Is My Gerbil Sick?


Consistent goop on the eye: This is actually mucus that naturally occurs within a gerbil’s body. Occasionally your gerbil’s eye may appear to be stuck shut, or have goop on it. This is just something similar to the crusty eyes we often have in the morning. If you are concerned about the eye being shut, take a q tip and gently rub it on the shut eye, and that should loosen the eyelid enough that your gerbil will open its eyes.

A “bloody” running nose:  Many owners often confuse this for blood and are immediately alarmed. Unlike humans, the mucus that comes from their nose is a dark red color. This definitely isn’t a normal thing to see, but it certainly isn’t as bad as you probably thought it was. It is recommended that you call your local vet at this point and see if they recommend treatment, as this could be a sign of a cold or another underlying illness.

Seizures:  Although they are a scary thing to watch, seizures are often more stressful for the owner than the gerbil! If this happens, your gerbil may suddenly lie still and stay that way for a short period of time. More severe seizures often include twitching or shakes before they freeze for a while. If this happens while you are handling your gerbil, place it back in its cage and make sure there are no distractions (flashing lights, loud music, dog barking, yelling…) and that your gerbil looks comfortable. Chances are this will pass in a moment’s time. They are very common in gerbils and most outgrow them. They are seen more often in elderly gerbils 3 years or older.

Below is a list of some common illnesses that do require veterinary attention. If you notice any of the following, please contact your vet immediately. Also note that I am not a vet and in no way should this information substitute for proper medical care. Some of this material was borrowed or rephrased from The Complete Guide To Gerbil Care, written by Donna Anastasi.

Respiratory Infection:  Your gerbil may have a respiratory infection if you hear clicking noises or labored breathing. This needs immediate medical attention. If left untreated, a respiratory infection will most likely cause your gerbil to pass away. Other warning signs to look for include puffed up fur, “sleepy” looking eyes, and your gerbil may feel cold to the touch. If you have a low wattage heat lamp or a heating pad, please use these to keep your gerbil warm until you can seek medical attention.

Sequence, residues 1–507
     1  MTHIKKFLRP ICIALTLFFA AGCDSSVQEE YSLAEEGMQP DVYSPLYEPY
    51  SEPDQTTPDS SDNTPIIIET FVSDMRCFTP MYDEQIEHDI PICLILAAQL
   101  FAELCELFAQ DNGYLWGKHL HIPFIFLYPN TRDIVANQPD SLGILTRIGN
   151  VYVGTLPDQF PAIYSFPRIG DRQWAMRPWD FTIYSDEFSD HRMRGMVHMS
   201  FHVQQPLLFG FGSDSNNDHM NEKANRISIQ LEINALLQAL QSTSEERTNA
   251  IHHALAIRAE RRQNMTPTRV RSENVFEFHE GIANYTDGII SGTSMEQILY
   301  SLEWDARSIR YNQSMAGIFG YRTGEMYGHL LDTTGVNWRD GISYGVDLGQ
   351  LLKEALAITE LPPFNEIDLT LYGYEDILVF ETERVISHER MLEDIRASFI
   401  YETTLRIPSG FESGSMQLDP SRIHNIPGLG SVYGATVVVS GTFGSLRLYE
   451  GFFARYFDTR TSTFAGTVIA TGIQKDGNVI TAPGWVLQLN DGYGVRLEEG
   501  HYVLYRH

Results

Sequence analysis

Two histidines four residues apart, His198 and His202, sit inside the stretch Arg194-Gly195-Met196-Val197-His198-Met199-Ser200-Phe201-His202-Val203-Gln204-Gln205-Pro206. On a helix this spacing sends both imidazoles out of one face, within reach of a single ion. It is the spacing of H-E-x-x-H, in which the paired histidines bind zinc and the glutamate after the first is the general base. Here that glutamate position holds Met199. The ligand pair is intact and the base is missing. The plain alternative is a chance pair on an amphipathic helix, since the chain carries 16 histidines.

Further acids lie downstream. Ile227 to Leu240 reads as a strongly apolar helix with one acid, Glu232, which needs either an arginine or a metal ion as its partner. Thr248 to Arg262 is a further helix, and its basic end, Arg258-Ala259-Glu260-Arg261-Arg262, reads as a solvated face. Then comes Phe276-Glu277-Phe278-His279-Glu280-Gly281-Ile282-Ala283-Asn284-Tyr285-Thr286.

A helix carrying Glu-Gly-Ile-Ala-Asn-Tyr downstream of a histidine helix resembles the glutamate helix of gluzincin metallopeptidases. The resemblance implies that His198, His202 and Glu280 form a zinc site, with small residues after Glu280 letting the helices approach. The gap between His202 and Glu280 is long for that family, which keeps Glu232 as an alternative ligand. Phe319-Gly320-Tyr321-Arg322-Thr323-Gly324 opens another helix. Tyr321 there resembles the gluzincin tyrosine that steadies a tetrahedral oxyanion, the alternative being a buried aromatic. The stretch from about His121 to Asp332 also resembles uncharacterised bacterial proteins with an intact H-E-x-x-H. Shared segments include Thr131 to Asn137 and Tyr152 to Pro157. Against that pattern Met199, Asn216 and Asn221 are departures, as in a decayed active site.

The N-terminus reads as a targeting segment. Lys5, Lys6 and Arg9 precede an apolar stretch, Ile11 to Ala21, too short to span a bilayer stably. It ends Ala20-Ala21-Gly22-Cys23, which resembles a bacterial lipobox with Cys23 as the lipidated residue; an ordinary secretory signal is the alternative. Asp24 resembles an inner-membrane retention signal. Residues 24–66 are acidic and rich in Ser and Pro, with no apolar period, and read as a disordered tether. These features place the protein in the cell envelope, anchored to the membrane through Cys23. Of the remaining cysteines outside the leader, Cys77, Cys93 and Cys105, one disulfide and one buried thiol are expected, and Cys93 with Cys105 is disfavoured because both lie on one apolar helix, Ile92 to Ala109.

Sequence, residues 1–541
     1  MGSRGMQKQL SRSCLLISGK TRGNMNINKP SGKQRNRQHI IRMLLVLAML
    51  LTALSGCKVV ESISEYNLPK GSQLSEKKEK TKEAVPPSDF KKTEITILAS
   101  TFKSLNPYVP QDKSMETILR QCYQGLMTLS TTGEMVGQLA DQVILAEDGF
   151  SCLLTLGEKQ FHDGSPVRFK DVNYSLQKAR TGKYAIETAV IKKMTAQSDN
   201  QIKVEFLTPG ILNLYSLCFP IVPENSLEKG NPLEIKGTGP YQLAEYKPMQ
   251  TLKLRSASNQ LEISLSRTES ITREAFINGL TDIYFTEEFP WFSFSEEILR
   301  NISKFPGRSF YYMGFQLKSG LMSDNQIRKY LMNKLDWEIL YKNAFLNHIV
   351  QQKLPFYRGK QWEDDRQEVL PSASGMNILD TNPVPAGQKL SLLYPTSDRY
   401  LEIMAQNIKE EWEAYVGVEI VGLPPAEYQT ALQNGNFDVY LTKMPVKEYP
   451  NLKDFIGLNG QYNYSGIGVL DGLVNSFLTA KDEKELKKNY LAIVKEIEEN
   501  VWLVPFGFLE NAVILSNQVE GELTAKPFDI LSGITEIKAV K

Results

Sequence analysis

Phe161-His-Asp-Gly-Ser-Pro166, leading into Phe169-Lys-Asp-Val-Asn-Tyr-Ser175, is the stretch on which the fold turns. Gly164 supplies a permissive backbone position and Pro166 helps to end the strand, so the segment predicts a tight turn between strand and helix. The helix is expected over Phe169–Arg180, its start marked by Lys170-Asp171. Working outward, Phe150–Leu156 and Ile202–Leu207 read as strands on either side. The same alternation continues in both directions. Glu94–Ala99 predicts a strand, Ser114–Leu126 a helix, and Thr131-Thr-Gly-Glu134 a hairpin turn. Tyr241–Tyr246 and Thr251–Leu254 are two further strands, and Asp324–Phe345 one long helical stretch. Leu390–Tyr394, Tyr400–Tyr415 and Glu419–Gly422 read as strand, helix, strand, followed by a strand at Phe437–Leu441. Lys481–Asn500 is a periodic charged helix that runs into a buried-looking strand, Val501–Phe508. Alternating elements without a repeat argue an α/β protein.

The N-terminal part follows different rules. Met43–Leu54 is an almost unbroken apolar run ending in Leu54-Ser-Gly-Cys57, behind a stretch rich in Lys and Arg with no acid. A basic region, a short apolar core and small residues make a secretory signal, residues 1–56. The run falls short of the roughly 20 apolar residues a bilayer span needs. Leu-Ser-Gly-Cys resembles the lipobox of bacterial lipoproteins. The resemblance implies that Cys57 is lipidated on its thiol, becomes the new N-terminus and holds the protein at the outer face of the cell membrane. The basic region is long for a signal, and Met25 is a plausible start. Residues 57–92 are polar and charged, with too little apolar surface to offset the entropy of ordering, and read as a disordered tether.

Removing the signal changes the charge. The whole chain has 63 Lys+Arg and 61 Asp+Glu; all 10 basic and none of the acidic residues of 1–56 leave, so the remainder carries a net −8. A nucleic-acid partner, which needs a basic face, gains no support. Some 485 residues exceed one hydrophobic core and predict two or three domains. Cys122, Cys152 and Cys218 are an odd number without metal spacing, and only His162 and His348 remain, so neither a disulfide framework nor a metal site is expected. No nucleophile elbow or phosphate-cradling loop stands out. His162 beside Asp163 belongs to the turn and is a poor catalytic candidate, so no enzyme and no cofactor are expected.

Dehydration:  The common reason for this is a water bottle that isn’t working and has gone unnoticed. Check the water bottle every day to ensure that it works and has enough water for your gerbil. You may notice your gerbil licking the sides of the cage or objects within the cage. This is often a sign of dehydration. If you believe it is very severe, mix an equal amount of warm water and corn syrup to feed to your gerbil. If your gerbil appears thin, cold, and sleeps a lot more than usual, you should immediately contact your vet.

Diarrhea:  Symptoms include a watery stool and occasionally you may notice more liquid on the running wheel than normal. Many kinds of watery foods, greens, or veggies can cause diarrhea. Try not feeding them as often and see if it clears up. If diarrhea is ever noticed and other symptoms are present, call your vet immediately as this may be a warning sign of a very serious illness.

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